• A prototype used to test the stretchability of the Shape Memory Sheet
  • ANYBOX, an original THINK OF THINGS product
  • Art direction from the KOKUYO Design Award 2016

About the material

The Shape Memory Sheet, a new product developed by Mitsui Chemicals Tohcello, takes a special Mitsui Chemicals polymer, foam it, and turning it into a sheet. It has captivated a wide range of people since it first entered into sample testing. Feedback has come in with descriptions of the product offering “an entirely new texture,” saying that it makes one “want to just keep holding it” and that “the way it slowly returns to normal is really unique.”
Coming in sheet form, the material has shape memory characteristics that allow it to return to normal even if stretched, rolled up or crumpled. Its high temperature dependence causes it to become hard at low temperatures but have increased flexibility when between normal temperatures and 50 degrees Celsius. As a result, any part of the sheet being touched by a person will become flexible, while parts not being touched are somewhat harder, producing the feeling of support by the material.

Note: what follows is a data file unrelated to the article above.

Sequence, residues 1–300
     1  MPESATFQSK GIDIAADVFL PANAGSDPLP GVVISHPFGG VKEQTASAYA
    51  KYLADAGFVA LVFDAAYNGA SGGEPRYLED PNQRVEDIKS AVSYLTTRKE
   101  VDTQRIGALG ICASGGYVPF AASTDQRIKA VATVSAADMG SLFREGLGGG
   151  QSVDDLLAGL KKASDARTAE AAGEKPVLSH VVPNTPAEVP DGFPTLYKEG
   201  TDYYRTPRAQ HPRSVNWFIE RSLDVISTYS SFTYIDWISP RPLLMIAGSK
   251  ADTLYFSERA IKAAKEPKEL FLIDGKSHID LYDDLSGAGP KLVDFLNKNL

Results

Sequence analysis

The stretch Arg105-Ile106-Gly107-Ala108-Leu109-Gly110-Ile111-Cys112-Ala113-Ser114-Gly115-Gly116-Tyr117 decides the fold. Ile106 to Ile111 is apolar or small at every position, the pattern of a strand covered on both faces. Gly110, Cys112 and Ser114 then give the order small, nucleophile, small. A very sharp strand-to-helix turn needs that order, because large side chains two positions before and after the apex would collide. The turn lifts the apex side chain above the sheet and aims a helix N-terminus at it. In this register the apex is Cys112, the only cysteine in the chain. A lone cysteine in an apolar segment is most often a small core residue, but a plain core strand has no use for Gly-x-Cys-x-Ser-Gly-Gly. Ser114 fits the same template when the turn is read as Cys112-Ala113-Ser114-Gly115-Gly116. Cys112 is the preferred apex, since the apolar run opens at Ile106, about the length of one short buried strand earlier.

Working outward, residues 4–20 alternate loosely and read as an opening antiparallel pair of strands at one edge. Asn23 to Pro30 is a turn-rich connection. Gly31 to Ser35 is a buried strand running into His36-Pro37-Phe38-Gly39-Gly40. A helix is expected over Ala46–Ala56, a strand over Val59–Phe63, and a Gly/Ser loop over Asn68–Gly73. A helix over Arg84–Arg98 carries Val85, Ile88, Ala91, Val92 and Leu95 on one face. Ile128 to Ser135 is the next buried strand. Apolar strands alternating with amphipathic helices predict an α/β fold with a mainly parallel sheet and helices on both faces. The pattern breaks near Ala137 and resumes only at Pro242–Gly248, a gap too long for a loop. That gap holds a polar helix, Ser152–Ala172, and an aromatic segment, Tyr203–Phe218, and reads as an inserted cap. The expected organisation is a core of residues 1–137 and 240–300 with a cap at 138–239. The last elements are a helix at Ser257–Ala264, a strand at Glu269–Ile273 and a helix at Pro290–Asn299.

The fact that the material changes when being touched has created high hopes for its use in entirely unique product development. This could include the material fitting to consumers in applications such as health care, medical treatment, nursing and sports, as well as in various seats, cushions and beds.